I'm sure if you're a millennial then you can spot how rubbish these stereotypes are, and I'm sure that similar things have always been said about the younger misunderstood generation each time a new wave of youngsters reach adulthood. You only have to have a quick search online to find a whole plethora of negative stereotypes about millennials like the ones above.. and I've even heard people say these things seriously about us in workshops and meetings, which, let's be honest, is damn rude and judgemental!! But people are often judgemental about things they don't understand. I believe it's these negative connotations that has caused some millennials to resent the label and want to distance themselves from it. I understand! However I have chosen to embrace the label as a way to define our experience and I believe that by using it ourselves in a positive way is how we will change people's perception of millennials and introduce them to all the positive aspects of our generation. Labels can be damaging (that's a whole other blog post that I will write another day!) but they also help us communicate and recognise each other. That's why I have chosen to proudly identify as a millennial.
Millennials are leading the way in speaking more openly about mental health and we have begun challenging the stigma and traditional stiff upper lip that British society has held on to for so long. Not only this but millennials are more open to accessing therapy and help for mental distress (and being open about this!) which makes me absolutely over the moon. Nobody should feel ashamed for seeking help and I believe therapy is for everyone, and can enhance our lives without us having to wait until we are diagnosed mentally ill before reaching out. Social media has made us more open and willing to share and talk about our experiences and when this is applied to mental health it really opens up the conversation and empowers others to be able to seek the help and support they may need. However, despite an increase in the numbers of millennials seeking therapy, most therapists are of an older generation, they are either Baby Boomers or Gen X. A good therapist will be able to help someone of a different generation, of course, but they may unintentionally be viewing their millennial clients from their own experience and perspective and not necessarily understand the differences in the world they grew up in and the world us millennials came of age in.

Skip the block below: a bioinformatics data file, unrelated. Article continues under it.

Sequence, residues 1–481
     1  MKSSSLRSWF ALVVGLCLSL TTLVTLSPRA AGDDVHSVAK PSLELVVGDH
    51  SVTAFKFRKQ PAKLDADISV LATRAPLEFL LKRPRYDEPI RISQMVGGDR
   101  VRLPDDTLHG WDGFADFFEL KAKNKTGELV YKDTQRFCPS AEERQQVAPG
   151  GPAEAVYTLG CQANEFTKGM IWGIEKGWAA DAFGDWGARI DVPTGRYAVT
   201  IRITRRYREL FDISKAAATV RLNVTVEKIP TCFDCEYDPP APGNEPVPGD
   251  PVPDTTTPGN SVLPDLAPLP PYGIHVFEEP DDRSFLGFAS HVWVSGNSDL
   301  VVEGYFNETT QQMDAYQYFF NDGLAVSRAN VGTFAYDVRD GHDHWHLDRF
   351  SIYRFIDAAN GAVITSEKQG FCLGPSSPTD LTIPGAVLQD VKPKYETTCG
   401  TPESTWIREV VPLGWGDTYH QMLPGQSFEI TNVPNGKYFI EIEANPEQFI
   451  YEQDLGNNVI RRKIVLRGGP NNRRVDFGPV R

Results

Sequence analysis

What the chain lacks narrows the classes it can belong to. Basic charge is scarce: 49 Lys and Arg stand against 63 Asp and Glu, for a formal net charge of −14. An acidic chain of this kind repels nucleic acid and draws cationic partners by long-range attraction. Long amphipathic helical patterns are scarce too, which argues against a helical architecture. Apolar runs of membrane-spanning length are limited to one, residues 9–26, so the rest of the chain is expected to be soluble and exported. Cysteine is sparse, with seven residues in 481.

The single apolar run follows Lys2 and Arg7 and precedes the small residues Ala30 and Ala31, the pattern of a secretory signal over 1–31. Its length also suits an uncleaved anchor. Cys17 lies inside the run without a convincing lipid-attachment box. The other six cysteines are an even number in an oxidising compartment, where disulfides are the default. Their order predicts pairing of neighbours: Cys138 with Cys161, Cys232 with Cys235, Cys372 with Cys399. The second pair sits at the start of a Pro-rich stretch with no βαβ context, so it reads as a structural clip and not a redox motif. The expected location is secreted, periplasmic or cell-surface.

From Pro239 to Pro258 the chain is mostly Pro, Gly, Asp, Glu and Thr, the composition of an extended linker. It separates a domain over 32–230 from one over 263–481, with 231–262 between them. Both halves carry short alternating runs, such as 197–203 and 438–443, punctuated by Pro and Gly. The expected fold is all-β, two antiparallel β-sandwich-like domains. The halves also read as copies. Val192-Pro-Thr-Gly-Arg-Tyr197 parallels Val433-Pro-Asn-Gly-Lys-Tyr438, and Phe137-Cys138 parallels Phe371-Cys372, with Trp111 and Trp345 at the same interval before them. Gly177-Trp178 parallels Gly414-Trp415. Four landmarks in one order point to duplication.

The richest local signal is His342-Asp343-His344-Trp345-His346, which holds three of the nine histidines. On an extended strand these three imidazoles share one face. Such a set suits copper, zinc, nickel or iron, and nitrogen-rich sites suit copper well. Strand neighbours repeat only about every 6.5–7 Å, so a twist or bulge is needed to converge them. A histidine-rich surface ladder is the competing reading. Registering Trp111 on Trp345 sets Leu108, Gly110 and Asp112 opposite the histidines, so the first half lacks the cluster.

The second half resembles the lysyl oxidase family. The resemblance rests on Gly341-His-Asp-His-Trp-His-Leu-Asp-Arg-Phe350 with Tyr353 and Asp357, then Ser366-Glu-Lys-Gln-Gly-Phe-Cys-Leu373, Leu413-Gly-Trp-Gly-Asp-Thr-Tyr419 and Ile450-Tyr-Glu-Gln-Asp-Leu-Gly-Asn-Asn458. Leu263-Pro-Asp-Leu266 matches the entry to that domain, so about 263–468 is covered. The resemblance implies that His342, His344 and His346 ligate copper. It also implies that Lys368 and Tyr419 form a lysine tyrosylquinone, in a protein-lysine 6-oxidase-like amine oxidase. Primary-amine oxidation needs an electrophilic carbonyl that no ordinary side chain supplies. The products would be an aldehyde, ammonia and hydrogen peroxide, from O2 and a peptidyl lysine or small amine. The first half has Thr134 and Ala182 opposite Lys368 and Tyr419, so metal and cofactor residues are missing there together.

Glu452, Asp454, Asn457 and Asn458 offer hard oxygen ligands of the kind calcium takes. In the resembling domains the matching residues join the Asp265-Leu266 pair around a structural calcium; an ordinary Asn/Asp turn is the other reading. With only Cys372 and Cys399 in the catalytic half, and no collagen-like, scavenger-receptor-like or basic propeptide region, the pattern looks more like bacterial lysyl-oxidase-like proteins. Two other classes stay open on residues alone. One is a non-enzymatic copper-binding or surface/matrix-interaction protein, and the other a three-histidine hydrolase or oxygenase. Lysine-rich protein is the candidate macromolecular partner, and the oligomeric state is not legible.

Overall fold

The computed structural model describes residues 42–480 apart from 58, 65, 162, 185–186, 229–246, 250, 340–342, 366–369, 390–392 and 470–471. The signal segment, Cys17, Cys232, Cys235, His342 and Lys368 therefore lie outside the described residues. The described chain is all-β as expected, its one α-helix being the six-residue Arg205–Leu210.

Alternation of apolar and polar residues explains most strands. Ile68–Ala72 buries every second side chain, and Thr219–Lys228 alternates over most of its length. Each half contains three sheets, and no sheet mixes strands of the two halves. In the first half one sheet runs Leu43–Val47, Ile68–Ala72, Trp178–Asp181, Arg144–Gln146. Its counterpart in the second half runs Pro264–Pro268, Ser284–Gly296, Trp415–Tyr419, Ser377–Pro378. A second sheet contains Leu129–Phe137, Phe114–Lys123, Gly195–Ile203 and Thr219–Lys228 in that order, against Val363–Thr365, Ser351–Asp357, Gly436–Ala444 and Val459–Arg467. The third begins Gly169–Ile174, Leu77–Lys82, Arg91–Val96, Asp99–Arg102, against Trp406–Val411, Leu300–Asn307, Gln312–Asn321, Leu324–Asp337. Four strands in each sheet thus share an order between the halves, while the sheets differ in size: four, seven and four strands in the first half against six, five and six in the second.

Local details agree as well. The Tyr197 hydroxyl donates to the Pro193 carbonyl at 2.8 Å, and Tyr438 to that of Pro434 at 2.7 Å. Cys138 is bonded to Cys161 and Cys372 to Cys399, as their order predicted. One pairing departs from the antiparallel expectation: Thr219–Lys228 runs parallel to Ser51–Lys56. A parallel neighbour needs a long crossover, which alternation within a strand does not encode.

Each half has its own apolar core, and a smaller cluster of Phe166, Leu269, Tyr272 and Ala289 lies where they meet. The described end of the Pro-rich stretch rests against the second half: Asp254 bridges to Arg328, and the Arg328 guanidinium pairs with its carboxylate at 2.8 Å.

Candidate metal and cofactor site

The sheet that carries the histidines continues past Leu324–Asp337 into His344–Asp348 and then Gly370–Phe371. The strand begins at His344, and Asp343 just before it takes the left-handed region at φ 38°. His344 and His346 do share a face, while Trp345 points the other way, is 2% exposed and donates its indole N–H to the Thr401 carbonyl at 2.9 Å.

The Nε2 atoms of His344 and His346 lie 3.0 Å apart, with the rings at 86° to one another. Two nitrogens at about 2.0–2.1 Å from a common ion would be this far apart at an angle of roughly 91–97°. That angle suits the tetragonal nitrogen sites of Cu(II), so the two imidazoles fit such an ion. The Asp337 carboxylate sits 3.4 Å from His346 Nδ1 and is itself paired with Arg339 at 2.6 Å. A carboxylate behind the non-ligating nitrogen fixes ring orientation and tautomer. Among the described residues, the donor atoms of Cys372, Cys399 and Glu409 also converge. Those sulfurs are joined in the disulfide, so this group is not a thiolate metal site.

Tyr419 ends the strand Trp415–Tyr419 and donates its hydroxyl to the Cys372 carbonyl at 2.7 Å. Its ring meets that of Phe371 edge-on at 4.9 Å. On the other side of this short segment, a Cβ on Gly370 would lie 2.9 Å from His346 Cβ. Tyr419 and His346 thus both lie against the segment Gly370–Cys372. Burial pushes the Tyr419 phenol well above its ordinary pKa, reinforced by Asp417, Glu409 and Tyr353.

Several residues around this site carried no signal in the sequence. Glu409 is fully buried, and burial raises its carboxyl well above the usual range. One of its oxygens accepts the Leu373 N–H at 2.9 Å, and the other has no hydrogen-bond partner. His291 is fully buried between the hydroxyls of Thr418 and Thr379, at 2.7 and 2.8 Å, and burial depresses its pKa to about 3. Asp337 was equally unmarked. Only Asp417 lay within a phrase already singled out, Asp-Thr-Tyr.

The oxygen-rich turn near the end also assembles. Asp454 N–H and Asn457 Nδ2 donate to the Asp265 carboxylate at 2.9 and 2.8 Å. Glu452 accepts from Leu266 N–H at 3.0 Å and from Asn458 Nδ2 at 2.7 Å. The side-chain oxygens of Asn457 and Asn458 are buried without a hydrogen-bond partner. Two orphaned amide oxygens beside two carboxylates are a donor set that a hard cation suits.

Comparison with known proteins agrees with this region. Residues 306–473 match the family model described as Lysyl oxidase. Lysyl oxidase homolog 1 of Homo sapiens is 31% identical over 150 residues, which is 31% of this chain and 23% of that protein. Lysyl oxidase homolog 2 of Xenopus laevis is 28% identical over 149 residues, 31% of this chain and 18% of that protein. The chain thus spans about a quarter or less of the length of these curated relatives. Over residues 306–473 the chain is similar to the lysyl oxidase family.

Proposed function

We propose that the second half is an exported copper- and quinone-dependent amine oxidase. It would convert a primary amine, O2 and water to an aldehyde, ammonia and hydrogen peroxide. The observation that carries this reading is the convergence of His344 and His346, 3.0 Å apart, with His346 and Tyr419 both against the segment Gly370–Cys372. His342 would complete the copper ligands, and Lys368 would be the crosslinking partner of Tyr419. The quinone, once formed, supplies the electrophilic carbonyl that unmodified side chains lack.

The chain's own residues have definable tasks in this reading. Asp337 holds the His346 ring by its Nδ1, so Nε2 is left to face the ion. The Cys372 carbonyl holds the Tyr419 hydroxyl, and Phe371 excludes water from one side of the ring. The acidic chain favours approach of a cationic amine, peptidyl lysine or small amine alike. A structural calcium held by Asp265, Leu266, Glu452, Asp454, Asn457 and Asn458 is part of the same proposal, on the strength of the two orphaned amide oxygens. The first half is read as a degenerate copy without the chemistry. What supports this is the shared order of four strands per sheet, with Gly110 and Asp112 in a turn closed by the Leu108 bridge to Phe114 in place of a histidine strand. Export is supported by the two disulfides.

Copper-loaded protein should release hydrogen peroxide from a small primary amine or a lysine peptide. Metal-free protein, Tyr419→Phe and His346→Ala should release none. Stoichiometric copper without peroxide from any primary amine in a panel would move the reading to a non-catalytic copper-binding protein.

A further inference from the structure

Whilst studying to become a therapist I was always aware of my age as there just aren't that many millennial or younger therapists. In fact recent statistics show that less than 20% of BACP registered therapists are under the age of 45! I knew that I wanted to work with people that are of the same generation as me as I understood the experience of growing up as a millennial. I hear time and time again that people feel they are not good enough, that they feel like a failure, that they are anxious about the future or that they are burnt out and overwhelmed by the pressures of modern life & social media. As I said above, I am obviously not saying that an older therapist can't help you with these things... but I get it and that's why I want to work with millennials to create a place where emotions can be worked through, processed and you can begin to feel better.
I am not perfect and more importantly I am a human too, so of course from time to time I have the same struggles as my millennial clients! But I have learnt how to effectively look after myself, to feel happy and content and to understand what is going on for me emotionally. I believe that emotions are messengers and they tell us important things about our lives, our wants, needs and desires. Learning to listen to and understand our emotions is a powerful tool, and one that will enhance your life and help you to move forwards.
I am an Integrative Therapist who works remotely online with millennials who are anxious, lost, stressed or depressed. I work collaboratively with people to support them in their emotional wellbeing, to develop skills in self-care and to foster a deeper understanding of themselves. If you would like to find out how I can help, please book a free consultation to see if we are well suited to work together.
Alternatively, please come connect with me over on Instagram - I would love to get to know you further.